Planning Strategies

Even though the IRS has issued regulations to end these creative workarounds and the court challenges have not been successful for the states, there are some tax planning opportunities that exist to minimize the impact of the new tax law:

1. Capitalize Carrying Costs

Taxpayers may make an annual election (for certain property) to capitalize carrying charges, including taxes that normally would be deductible (see IRC Sec. 266 and Reg. 1.266-1(c)). This election is helpful when the taxpayer does not itemize or would otherwise receive little or no benefit from deductible taxes. 

Example: Dan Jones owns a valuable tract of undeveloped land near Giants Stadium.  Property taxes are $5,000 per year. Dan expects to sell the property in a few years. His total state and local taxes currently exceed $10,000 per year.

Dan can elect, pursuant to IRC Sec. 266, to capitalize the property taxes on the property. By making this election, the property taxes increase the basis in his land. Therefore, when Dan sells the land, if there is a gain on the sale, it will be reduced due to his increased basis.

2. Maximize Itemized Deductions

With the increase in the standard deduction, many individuals will not be  itemizing deductions as they had in years prior to the TCJA. A strategy may be to itemize deductions one year and the following year take the standard deduction. This can be accomplished by bunching certain expenses into one year including medical expenses and charitable contributions. One method to increase the charitable contributions would be the use of a Donor Advised Fund (DAF). Cash and/or appreciated securities can be transferred into a DAF whereby the taxpayer receives a large charitable contribution deduction in year one. Distributions from the DAF can be made over several years to specified charitable organizations. Whenever the taxpayer is not able to itemize in a future year, he or she may make another transfer to the DAF.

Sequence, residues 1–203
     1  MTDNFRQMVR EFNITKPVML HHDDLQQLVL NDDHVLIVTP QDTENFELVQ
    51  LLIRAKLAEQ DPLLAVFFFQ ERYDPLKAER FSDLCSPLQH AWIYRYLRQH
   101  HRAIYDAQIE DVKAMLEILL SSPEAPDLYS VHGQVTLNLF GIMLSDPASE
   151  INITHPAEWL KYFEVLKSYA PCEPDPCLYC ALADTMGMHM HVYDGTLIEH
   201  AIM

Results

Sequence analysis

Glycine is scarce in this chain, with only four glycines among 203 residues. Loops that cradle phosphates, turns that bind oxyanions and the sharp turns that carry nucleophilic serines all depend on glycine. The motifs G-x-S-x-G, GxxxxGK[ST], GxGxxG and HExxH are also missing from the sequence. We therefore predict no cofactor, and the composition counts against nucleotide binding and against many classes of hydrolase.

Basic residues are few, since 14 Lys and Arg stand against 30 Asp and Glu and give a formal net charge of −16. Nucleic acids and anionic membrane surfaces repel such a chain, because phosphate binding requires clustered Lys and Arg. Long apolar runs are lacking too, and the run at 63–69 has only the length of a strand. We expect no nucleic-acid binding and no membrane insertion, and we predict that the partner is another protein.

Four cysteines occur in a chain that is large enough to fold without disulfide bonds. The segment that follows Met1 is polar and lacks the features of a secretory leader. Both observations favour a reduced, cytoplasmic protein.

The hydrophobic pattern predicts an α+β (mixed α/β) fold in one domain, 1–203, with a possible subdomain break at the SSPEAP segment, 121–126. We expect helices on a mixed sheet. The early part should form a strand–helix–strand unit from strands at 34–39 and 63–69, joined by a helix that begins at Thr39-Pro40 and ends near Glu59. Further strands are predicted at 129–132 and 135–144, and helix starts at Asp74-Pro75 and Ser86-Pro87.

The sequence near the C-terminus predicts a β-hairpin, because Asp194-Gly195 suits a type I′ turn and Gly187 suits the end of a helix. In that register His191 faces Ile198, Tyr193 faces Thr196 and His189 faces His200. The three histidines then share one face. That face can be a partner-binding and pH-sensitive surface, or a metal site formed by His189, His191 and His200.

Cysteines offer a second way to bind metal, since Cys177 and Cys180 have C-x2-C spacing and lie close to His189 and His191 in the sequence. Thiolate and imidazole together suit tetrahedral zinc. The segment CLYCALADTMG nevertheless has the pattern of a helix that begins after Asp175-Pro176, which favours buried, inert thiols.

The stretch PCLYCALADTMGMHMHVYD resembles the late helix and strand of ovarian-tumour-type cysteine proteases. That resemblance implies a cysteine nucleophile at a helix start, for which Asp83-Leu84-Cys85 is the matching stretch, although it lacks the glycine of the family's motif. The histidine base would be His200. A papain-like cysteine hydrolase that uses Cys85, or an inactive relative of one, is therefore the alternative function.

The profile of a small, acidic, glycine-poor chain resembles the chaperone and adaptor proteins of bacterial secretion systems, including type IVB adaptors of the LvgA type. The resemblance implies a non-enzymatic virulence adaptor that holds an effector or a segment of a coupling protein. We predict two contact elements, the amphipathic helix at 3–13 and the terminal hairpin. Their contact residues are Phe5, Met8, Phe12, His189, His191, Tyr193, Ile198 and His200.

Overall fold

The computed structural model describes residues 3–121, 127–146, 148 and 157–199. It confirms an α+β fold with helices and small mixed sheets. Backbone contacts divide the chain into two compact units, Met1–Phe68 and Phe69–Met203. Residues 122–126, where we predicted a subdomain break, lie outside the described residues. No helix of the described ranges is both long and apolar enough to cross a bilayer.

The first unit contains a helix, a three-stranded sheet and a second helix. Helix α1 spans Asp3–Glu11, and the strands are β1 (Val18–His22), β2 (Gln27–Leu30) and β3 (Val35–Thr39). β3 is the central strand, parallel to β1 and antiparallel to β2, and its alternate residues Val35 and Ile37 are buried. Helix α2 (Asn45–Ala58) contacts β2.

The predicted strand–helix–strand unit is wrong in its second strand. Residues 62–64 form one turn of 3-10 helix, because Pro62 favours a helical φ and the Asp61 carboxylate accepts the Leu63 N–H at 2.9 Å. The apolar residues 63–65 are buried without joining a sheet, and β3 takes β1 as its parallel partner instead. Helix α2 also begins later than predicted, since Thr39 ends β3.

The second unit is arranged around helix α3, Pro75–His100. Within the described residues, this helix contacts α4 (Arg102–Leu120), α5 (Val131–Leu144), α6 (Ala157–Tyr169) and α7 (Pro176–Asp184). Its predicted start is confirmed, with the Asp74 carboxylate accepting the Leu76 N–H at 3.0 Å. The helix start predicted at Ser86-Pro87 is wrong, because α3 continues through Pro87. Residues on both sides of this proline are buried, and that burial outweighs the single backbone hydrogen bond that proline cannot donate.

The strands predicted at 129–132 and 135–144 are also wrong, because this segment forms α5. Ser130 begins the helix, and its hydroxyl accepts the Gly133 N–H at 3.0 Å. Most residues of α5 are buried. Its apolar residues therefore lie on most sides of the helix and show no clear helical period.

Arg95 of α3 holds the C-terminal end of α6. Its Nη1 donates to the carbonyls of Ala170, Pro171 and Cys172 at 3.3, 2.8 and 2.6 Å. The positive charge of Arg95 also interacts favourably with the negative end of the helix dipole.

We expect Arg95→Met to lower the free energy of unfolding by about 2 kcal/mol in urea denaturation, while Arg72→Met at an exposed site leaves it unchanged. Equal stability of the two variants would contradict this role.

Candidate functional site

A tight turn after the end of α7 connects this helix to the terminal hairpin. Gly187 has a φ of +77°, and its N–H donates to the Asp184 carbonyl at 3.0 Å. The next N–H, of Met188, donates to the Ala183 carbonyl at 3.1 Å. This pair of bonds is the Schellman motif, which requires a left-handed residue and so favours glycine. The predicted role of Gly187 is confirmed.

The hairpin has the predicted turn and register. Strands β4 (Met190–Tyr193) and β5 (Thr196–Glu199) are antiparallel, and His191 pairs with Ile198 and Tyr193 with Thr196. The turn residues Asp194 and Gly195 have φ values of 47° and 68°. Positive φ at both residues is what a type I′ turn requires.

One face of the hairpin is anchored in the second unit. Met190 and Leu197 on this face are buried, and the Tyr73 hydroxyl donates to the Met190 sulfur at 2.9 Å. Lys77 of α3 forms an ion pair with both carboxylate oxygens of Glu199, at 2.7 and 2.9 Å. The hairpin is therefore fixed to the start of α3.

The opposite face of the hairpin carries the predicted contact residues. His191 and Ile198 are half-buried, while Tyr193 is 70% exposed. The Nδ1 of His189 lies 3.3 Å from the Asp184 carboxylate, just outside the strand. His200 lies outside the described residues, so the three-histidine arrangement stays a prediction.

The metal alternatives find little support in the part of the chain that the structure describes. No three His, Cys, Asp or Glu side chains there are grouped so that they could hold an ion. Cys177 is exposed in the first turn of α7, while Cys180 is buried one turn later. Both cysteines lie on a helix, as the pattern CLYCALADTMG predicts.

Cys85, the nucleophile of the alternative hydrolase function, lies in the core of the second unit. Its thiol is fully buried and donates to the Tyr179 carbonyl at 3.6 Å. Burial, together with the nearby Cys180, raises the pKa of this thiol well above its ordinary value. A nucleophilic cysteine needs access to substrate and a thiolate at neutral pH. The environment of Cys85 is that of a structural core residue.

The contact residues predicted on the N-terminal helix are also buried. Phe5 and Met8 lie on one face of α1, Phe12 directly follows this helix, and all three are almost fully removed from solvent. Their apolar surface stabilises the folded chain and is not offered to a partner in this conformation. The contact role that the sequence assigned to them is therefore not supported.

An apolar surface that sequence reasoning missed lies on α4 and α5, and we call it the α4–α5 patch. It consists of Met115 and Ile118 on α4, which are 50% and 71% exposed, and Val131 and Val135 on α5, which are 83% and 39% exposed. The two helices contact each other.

Taxpayers may also want to consider prepaying a month of mortgage interest to increase their total itemized deductions.

3. Deducting Tax Preparation Fees

The TCJA suspended the miscellaneous itemized expense deduction through 2025, which included tax preparation fees. Schedule C and Schedule E taxpayers may be able to allocate a portion of the fee related to the preparation of these schedules and receive a deduction.

4. Transfer of Required Minimum Distribution (RMD) to Charity

This strategy is for taxpayers that generally make charitable contributions but do not have enough itemized deductions. In lieu of taking an RMD, the taxpayer would have the amount directly transferred to the charity. There would be no income tax on the RMD as it was not received by the taxpayer but would satisfy the required minimum distribution obligation.

While the new tax law has been unpopular with high-tax states, a small silver lining exists in that state tax refunds are not includible in income to the extent the SALT deduction was not taken.  

James A. Lawrence

James A. Lawrence

James A. Lawrence, CPA, CCPS, is a tax partner at Traphagen & Traphagen CPAs, an affiliate of Traphagen Financial Group. He is a member and past leader of the NJCPA Federal Taxation Interest Group and a past president of the Society's Bergen Chapter.

This article appeared in the January/February 2020 issue of New Jersey CPA magazine. Read the full issue.